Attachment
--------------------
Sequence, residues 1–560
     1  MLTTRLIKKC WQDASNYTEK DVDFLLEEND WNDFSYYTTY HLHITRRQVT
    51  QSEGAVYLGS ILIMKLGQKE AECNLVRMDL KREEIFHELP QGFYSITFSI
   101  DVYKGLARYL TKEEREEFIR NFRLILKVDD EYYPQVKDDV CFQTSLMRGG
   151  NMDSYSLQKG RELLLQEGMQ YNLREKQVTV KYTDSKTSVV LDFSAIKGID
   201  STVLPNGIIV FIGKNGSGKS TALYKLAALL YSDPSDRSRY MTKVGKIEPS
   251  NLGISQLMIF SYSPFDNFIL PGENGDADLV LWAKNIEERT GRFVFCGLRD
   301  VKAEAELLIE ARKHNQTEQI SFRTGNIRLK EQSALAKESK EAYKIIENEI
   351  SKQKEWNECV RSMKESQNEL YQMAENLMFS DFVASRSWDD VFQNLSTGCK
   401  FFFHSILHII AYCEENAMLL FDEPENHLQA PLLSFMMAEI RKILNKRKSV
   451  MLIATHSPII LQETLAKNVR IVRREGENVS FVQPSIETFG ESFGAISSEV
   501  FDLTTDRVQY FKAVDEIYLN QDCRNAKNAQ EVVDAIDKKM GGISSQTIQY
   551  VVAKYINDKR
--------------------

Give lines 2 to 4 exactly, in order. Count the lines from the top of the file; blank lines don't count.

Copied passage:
     1  MLTTRLIKKC WQDASNYTEK DVDFLLEEND WNDFSYYTTY HLHITRRQVT
    51  QSEGAVYLGS ILIMKLGQKE AECNLVRMDL KREEIFHELP QGFYSITFSI
   101  DVYKGLARYL TKEEREEFIR NFRLILKVDD EYYPQVKDDV CFQTSLMRGG